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"In a hundred years, I never would have thought this would happen," Father Ritchie said of his move to St. Patrick's from a parish in Kingsbridge Heights.

Moving at a steady clip but always being careful to etch the full image of a cross, Father Ritchie touched thousands of foreheads.

Father Ritchie blessed Lauren Serle, 4, who has cancer. Lauren's mother brought her from Memorial Sloan-Kettering Cancer Center for the service.

Father Ritchie's post as rector of St. Patrick's had been empty since August, when the previous rector resigned.

1 posted on 03/03/2006 10:38:54 AM PST by NYer
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To: american colleen; Lady In Blue; Salvation; narses; SMEDLEYBUTLER; redhead; Notwithstanding; ...

The Rev. Robert T. Ritchie, the new rector of St. Patrick's Cathedral, prayed during Ash Wednesday services, which draw about 40,000 people.

As rector, Father Ritchie is responsible for the day-to-day running of St. Patrick's Cathedral, a gothic landmark.

2 posted on 03/03/2006 10:40:27 AM PST by NYer (Discover the beauty of the Eastern Catholic Churches - freepmail me for more information.)
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To: NYer

Whoa! Next time I'm in NYC, I've got to go to St. Patrick's! I've seen pictures of it before, but these are something else!

3 posted on 03/03/2006 10:45:34 AM PST by Pyro7480 (Sancte Joseph, terror daemonum, ora pro nobis!)
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To: NYer; All
File under "should I laugh or should I cry?" Department.

For Third Year, "Ashes" Named Favorite Catholic Sacrament

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For the third year, ashes comes in tops as favorite Catholic sacrament.

BOSTON -- For the third year in a row, the ashes received during the Ash Wednesday service was listed in an ABC-News/Washington Post poll as most Roman Catholic's favorite sacrament, topping both communion and baptism.

"There is just something about receiving those ashes that makes me feel, well alive," said Katie Stanbury, a lobbyist with Phelps/Dawson Public Relations. "I miss mass quite a bit, but I never, ever miss this service."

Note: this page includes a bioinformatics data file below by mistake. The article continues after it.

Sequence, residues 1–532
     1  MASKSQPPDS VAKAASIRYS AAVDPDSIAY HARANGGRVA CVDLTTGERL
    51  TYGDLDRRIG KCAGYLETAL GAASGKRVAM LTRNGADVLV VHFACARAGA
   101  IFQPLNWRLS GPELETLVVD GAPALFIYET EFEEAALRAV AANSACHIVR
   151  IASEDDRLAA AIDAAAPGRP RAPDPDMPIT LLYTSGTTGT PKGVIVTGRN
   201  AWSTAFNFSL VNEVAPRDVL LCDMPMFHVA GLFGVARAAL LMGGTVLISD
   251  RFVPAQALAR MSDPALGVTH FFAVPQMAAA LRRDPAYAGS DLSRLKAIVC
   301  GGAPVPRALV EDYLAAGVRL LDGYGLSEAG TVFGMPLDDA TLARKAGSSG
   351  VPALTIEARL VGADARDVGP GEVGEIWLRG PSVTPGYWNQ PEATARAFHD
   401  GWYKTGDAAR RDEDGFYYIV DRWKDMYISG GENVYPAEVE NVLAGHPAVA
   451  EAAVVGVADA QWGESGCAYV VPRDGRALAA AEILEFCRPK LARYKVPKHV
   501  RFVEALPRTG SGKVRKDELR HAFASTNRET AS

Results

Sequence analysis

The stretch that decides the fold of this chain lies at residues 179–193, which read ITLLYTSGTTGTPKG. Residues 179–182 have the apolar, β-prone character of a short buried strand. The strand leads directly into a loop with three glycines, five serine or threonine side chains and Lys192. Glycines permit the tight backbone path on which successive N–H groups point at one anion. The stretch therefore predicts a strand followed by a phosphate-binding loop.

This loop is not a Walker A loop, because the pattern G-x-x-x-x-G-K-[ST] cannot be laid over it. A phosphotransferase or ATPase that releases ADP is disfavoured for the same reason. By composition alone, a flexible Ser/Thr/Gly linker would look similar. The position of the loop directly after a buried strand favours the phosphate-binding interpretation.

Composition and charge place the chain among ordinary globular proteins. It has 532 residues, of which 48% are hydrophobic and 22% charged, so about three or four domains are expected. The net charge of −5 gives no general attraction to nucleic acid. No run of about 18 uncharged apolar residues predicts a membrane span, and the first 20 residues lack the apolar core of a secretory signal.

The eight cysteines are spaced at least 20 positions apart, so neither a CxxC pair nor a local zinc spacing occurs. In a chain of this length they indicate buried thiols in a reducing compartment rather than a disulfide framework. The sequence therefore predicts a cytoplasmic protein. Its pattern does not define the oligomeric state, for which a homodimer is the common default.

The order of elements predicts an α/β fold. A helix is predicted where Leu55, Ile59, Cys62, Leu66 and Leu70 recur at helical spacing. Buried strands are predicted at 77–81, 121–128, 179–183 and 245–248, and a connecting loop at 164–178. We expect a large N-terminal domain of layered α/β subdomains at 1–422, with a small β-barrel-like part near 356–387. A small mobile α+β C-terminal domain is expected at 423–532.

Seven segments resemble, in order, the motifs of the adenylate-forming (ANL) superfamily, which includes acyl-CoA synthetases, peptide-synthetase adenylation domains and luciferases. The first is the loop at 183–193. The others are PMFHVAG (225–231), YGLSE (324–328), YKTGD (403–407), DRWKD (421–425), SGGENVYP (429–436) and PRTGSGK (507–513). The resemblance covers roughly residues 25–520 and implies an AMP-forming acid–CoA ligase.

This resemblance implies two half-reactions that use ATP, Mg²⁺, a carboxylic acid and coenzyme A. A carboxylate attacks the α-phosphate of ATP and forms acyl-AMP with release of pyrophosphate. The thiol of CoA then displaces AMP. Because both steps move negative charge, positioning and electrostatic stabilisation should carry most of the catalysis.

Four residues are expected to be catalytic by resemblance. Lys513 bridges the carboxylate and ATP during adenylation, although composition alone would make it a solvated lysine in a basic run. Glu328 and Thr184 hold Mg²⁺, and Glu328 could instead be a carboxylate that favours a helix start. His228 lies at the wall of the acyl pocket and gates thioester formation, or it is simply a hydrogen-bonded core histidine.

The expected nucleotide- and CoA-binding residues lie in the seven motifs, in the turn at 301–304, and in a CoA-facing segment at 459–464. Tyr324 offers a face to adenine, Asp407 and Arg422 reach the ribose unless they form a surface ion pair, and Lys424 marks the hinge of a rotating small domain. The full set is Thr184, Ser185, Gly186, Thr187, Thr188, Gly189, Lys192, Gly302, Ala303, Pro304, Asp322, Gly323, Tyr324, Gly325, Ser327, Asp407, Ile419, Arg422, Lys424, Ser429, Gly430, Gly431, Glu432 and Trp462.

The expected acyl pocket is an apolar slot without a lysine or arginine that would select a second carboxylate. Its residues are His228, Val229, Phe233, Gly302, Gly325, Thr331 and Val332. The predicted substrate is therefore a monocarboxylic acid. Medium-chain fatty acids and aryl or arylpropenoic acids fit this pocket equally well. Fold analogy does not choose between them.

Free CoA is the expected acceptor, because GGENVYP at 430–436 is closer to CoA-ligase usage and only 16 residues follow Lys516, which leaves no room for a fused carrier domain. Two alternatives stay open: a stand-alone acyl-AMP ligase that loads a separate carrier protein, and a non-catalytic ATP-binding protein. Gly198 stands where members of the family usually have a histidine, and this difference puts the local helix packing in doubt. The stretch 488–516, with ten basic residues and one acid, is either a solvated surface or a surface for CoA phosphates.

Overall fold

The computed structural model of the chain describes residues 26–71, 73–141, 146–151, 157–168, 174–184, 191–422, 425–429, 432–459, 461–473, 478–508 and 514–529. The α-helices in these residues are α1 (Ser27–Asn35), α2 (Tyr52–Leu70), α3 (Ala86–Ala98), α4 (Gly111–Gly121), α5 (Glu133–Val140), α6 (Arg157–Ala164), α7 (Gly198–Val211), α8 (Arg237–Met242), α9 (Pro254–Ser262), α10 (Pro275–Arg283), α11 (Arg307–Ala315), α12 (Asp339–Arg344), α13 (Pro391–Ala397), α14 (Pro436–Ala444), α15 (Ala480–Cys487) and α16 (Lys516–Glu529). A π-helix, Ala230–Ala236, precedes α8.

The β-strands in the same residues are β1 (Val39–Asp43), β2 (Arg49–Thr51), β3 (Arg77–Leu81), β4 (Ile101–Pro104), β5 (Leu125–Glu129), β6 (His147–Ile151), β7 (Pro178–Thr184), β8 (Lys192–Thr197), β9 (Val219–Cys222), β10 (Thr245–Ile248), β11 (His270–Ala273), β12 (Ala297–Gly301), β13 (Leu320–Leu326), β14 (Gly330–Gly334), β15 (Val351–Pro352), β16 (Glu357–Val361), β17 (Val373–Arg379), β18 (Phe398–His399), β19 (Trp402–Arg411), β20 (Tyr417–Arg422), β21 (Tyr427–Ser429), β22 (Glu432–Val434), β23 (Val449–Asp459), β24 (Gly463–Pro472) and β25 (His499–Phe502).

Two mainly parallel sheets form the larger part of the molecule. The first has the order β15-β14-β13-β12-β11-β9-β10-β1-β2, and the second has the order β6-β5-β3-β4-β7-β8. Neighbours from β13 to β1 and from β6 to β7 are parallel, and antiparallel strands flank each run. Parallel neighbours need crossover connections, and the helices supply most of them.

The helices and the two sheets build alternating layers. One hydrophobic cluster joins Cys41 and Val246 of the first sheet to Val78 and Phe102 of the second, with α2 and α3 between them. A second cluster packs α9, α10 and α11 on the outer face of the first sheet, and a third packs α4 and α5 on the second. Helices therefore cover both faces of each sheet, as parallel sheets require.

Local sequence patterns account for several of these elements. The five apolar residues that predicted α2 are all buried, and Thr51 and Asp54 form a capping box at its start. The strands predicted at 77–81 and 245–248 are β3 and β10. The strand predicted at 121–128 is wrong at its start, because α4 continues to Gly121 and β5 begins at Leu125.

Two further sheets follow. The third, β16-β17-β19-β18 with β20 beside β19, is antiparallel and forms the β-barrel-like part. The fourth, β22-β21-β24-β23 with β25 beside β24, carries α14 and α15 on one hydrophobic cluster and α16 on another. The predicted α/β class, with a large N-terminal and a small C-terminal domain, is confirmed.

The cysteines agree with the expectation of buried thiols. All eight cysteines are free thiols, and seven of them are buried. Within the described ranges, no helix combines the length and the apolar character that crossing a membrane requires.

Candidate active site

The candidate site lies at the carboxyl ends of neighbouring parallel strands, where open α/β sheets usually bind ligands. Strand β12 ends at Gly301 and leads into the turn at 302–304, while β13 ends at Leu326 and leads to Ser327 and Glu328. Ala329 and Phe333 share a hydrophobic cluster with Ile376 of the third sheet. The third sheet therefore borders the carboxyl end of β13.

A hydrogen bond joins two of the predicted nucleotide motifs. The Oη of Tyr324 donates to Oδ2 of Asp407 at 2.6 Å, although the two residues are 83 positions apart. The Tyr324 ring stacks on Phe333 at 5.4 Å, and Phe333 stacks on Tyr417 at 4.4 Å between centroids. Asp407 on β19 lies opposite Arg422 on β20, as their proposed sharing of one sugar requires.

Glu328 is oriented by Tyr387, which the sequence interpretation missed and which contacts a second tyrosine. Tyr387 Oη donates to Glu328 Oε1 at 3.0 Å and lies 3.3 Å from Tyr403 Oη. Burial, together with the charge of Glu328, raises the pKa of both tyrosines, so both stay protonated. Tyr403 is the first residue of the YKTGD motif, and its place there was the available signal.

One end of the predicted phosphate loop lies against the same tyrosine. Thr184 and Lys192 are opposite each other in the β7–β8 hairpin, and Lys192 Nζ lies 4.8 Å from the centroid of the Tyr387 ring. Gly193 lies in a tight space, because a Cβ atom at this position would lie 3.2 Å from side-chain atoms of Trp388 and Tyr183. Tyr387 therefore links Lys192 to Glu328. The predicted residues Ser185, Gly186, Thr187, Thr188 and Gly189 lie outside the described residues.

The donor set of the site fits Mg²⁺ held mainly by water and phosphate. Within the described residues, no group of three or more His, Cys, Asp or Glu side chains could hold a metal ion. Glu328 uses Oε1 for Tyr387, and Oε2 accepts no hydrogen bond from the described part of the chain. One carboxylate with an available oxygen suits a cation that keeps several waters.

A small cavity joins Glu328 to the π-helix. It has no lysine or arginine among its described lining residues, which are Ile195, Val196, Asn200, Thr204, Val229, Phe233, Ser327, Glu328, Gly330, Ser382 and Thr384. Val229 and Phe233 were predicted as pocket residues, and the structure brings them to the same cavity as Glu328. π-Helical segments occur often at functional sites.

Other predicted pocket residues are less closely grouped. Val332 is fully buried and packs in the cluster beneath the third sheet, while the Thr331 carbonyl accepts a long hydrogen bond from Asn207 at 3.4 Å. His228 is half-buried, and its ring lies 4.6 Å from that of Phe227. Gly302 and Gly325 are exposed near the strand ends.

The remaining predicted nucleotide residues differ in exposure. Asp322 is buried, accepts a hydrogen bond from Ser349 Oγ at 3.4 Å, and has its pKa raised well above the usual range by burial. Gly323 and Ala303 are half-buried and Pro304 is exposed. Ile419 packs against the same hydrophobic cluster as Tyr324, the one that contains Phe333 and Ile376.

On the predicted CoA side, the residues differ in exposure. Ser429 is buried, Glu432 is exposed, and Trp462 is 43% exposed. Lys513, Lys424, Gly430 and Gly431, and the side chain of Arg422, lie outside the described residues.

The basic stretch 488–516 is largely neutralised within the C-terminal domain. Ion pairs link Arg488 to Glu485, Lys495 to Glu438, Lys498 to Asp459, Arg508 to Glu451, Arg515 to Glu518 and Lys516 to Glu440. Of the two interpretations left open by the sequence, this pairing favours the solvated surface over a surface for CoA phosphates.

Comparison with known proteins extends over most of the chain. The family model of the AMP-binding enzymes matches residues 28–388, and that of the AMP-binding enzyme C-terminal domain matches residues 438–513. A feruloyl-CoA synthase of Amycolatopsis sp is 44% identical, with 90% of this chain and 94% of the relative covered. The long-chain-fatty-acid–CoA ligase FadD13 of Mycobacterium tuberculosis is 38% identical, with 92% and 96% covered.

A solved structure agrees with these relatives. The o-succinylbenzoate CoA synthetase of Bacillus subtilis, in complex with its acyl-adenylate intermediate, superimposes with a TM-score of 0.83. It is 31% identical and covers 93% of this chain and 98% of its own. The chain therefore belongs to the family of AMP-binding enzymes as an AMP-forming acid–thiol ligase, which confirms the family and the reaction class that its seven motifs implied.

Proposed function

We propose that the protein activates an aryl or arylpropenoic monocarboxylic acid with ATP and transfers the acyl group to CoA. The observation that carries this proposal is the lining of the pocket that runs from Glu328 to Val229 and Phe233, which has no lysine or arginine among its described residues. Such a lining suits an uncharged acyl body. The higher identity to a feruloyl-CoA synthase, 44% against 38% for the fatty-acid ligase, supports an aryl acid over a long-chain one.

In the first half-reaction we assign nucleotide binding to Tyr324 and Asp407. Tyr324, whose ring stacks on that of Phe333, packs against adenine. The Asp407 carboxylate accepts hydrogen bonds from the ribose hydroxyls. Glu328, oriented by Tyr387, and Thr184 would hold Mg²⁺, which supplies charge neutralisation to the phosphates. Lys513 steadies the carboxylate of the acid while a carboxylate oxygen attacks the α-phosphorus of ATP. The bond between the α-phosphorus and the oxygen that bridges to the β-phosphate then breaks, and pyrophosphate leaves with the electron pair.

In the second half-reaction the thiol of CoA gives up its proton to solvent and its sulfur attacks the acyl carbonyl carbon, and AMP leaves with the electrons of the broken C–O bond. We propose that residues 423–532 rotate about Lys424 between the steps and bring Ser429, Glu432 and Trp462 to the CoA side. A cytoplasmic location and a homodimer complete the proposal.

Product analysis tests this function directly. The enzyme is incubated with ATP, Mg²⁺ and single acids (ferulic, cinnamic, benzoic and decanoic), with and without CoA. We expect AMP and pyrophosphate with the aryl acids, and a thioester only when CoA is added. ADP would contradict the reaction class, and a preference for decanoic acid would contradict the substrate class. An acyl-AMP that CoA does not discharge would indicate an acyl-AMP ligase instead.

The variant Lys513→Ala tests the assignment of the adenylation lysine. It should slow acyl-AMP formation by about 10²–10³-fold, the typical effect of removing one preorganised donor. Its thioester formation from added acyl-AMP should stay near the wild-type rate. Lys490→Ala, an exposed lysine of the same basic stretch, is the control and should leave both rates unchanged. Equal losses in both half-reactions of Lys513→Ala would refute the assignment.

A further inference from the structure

Fr. Allen Bannion, of St. Peter Claver Church in Boston, said that the Ash Wednesday service is always standing room only. "People just love that service, as well as the one for Palm Sunday. We always have more people there than any other time of year," he said. "Yeah, people come on Sunday for communion, but at these services they get a little something extra. It is sort of like Bonus Days at the Clinique counter, when you not only get the perfume you went in to purchase, but a kick-ass red lipstick, as well. Or so I've been told."

Maggie Oliver, a retired schoolteacher, said her favorite sacraments are baptism and confirmation. "It's a great chance to take some pictures and see relatives I haven't seen in awhile. Oh, plus we all go out to eat afterwards, which is fun," she said.

Other favorite sacraments listed, in order, included: 2) baptism, 3) "that day when we get to bring in our pets for blessings" 4) communion (if viewed as a symbol only) 4) annulment 5) Confirmation and 6) marriage.

According to the poll, Roman Catholics have different interpretations on what the word sacrament means. Responses given included: "a symbol," "something that makes you feel happy, blessed or relieved," "a church function or practice" or "a tradition."

Kenny Daniels said he thinks so much of the Ash Wednesday service that when he arrived late last night, he simply left. "I could have stayed for communion, but I came for the ashes," he said. "So, I just went to Starbuck's instead. Oh well, there's always next year."

posted by Maureen Martin @ 3:35 PM  

10 posted on 03/04/2006 10:12:29 AM PST by Frank Sheed ("Fallacies do not cease to be fallacies because they become fashions." ~GK Chesterton.)
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